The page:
Hi. I'm Scott Omelianuk. Or, as most people call me--my last name being hard to spell and pronounce--Scott O. I'm the new editor in chief of Inc., and I'm honored and, to be honest, a bit surprised to be talking with you right now.

You see, being here is kind of ironic, coming, as I do, from a long line of failed entrepreneurs. On one side of the family, there were the relatives who treated business like an outlaw hobby. Keep books? Pay taxes? Why do that, they'd scoff--right up until the IRS came knocking. It's a wonder none of them starred in the calamities featured in "Adventures in Entrepreneurship."

On the other side were the relatives whose wholesome hobbies could have been businesses--for example, my grandfather, who, decades ago, wrote software for large companies but gave it away because he'd taught himself to code and thought it was a kick.

With those role models, it's no wonder I'm an underachieving entrepreneur myself, with a couple of broken businesses behind me, too.

You know that line "Those who can't, teach?" Yup, I've taught at university. Fortunately, and unlike my forefolk, I think I understood and passed on some valuable lessons, ones I suspect you might be familiar with. How hard it is, for example, to persuade people to look at--let alone truly see--your idea. How your ego gets more bruised than your nose when someone slams a door in your face. How much of a real burden it is to ask your family, a family that's counting on you to be a bread­winner, to go along for the ride not knowing where it will end or even if the wheels will come off at some point.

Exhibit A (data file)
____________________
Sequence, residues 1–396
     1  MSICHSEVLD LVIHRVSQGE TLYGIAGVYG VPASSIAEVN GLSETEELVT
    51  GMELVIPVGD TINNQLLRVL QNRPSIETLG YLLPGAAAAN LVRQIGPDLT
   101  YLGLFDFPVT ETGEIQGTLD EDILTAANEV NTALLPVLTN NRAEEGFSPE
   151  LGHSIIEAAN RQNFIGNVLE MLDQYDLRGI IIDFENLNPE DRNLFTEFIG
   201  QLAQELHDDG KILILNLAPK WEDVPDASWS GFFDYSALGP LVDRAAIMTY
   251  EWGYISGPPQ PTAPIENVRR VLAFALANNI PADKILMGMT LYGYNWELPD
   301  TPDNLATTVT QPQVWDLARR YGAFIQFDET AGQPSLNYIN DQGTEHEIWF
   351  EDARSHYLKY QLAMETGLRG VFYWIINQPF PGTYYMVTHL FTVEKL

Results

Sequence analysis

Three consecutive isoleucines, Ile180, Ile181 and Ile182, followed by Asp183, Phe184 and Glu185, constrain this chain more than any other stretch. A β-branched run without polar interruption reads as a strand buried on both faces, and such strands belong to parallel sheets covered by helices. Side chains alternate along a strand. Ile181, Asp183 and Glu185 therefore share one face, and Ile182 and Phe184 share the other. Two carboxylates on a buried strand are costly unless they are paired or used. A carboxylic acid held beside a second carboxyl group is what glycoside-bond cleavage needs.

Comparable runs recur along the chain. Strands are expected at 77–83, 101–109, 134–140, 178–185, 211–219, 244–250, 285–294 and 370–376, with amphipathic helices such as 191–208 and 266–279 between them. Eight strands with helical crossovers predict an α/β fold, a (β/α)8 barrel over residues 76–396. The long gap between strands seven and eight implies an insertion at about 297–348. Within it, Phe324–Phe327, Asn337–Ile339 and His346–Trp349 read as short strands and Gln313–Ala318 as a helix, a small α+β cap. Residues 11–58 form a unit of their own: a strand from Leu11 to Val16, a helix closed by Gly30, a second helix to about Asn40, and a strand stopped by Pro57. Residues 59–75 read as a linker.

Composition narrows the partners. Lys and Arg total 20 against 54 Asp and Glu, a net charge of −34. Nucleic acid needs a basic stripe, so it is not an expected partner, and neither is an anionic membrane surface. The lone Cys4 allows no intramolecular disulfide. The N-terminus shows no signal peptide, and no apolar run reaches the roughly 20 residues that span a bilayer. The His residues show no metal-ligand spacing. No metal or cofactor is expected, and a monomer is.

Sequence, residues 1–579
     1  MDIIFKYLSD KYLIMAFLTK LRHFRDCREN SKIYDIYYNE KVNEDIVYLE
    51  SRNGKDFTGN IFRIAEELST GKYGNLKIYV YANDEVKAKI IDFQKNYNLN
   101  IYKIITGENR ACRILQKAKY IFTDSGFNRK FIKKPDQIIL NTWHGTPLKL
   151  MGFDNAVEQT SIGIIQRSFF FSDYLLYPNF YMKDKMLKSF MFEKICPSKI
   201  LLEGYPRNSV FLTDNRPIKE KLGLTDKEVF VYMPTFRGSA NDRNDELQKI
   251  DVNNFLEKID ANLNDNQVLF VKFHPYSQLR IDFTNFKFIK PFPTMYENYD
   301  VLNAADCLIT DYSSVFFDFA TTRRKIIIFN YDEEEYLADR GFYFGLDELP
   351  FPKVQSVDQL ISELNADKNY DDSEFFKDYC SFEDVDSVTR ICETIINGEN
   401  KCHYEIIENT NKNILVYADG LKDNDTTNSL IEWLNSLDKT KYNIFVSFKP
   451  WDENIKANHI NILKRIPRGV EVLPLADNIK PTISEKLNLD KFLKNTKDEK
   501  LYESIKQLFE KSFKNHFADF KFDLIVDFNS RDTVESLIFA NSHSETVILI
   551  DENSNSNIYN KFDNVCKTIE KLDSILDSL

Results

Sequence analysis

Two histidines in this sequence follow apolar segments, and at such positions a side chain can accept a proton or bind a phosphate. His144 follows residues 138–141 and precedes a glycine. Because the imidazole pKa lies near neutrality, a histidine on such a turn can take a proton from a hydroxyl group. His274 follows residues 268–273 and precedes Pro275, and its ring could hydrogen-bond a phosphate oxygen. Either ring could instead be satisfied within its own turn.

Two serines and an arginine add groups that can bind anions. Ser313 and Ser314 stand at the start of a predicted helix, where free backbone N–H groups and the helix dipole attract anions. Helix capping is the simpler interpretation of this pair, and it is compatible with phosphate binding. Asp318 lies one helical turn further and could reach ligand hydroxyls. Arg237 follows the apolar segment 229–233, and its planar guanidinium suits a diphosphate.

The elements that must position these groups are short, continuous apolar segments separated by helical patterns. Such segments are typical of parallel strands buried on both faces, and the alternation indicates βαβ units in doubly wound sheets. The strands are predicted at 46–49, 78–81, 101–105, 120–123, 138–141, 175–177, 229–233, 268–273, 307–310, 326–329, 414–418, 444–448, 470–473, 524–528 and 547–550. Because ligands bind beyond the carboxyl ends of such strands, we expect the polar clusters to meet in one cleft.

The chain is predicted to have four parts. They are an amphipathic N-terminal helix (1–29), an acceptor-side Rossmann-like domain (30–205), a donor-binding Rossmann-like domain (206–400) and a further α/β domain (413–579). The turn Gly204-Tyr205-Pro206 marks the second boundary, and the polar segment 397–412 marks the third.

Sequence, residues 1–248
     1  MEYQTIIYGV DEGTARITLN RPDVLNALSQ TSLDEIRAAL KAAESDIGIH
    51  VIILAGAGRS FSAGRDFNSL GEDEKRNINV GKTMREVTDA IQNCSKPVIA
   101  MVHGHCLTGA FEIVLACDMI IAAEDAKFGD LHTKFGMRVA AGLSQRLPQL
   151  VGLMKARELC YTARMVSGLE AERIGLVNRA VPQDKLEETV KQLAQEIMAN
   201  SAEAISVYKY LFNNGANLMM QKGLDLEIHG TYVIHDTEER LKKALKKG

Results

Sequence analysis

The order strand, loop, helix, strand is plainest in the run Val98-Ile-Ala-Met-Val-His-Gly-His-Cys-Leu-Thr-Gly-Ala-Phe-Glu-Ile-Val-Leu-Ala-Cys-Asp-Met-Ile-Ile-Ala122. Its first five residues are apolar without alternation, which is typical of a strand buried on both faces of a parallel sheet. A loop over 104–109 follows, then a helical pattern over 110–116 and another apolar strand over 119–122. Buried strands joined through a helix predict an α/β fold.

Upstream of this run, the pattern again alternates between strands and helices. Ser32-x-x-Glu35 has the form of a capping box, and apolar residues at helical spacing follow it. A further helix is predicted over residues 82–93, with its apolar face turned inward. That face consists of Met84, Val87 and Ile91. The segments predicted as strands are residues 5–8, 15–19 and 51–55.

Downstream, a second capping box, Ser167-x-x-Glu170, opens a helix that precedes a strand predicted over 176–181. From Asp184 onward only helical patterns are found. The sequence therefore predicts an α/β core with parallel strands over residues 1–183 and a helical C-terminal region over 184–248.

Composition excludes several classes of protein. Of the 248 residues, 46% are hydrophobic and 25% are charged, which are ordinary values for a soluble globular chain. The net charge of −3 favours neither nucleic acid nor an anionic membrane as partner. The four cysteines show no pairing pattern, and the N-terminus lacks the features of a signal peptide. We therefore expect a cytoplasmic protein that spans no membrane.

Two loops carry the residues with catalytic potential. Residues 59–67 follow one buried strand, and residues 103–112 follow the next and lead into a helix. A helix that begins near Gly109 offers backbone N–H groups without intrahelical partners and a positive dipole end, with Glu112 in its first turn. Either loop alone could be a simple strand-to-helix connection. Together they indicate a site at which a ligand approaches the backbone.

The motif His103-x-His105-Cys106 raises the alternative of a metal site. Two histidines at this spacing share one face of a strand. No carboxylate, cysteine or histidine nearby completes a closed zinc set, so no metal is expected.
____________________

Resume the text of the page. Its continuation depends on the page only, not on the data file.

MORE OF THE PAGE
There are a lot of ways that running a business can run you ragged. And, yet, so many of you do it. That's inspiring, really. You've built something, made a living, changed lives (see, for example, our cover story on Chip and Joanna Gaines), and conquered, perhaps, the Inc. 5000. Or perhaps you haven't--just yet.

But you will.

And Inc.--the magazine, the website, the events--will be right there with you on your journey, offering the inspiration, the information, the tools, and the solutions that will help you succeed better and faster to ensure that you not only keep the wheels on but grow wings, too.

Which brings me to one last thing. The most important lesson I learned as an entrepreneur is that you can never be too close to your customer--a position, by the way, you'll see play a crucial role in our story on the cloud backup company Backblaze. Your customers can teach you more than you can ever offer them.

So, in the spirit of teaching and learning, I'd love to know your story, what you're thinking, what you know. It'll be good to connect, and I bet a lot of what we talk about would be worth sharing with the whole Inc. community.

You can drop me a note, at ScottO@inc.com, or find me on LinkedIn or Twitter, or in our forums for solopreneurs and Inc. Masters. I know from my own experience that being an entrepreneur can often seem like a lonely undertaking. But at Inc., you're among, if not family, certainly friends.